Amateur archaeologists have unearthed a striking Roman dodecahedron in the serene countryside of Norton Disney, England, a mysterious class of objects that have baffled experts for centuries.
A volunteer with the Norton Disney History and Archaeology Group discovered the dodecahedron in the Lincolnshire village of Norton Disney.
The object’s purpose is unknown to modern archaeologists because the 12-sided metal shell lacks markings and no mention of them can be found in contemporary literature.
About thirty-two examples, complete or in part, from Roman Britain are known to exist. The Norton Disney example now makes 33. Throughout the Roman world, there are about 130 known examples. which are located in the Roman provinces of the northwest.
The Norton Disney dodecahedron is an exceptionally good example and the only one in the Midlands. It’s beautifully crafted, undamaged, and in perfect shape. It exhibits exquisite craftsmanship and a superior level of finishing. It is a prime example of expertly crafted and superbly finished work.
Richard Parker, the secretary of the Norton Disney History and Archaeology Group, said they dug up the object, which is the size of a grapefruit, about 35 miles southeast of Sheffield in one of the trenches the group made at the site for the two-week dig.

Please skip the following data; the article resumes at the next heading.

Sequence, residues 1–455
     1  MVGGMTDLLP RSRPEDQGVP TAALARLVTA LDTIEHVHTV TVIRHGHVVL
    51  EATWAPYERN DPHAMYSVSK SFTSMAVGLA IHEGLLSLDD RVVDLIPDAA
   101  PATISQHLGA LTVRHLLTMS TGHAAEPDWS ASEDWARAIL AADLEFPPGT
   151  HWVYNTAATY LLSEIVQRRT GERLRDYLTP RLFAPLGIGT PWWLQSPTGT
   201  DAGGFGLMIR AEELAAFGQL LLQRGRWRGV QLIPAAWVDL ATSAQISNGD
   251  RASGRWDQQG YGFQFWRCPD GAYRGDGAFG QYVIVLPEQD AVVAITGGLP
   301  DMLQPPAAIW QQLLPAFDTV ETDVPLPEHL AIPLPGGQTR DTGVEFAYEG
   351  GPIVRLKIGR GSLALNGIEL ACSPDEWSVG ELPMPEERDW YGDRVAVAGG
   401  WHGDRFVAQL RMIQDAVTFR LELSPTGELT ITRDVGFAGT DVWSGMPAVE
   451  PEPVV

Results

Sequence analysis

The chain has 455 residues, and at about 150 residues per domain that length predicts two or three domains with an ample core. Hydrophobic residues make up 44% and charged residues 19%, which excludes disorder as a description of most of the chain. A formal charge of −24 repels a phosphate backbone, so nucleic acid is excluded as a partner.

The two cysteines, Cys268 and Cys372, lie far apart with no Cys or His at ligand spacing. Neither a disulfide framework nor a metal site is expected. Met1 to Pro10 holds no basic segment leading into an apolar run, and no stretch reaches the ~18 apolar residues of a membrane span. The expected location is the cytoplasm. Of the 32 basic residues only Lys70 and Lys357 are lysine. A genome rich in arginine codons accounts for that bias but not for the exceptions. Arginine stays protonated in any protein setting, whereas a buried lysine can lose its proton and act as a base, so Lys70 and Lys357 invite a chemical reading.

The Norton Disney dodecahedron is a copper alloy object. 75% copper, 7% tin and 18 % lead. It’s overall height is 8cm. Its overall width is 8.6cm and weighs 254g.
It is also an important find in that it was found “in situ”, where it was deliberately placed some 1700 years before with 4th-century Roman pottery in some sort of excavated hole or quarry pit.
The purpose of dodecahedra is still very unclear because there are no known descriptions of them in Roman literature. They won’t be measuring devices because they aren’t a standard size. They are not a tool because they don’t exhibit any wear. They’re also not knitting machines. Dodecahedron took a great deal of time, effort, and skill to construct, so it wasn’t used for everyday tasks, especially since there are other materials that could have served the same function. It is believed that ritual and religious uses are the most likely uses.
The remarkable metal shell is now on display in the National Civil War Centre, Newark Museum.
Cover Photo: Norton Disney History and Archaeology Group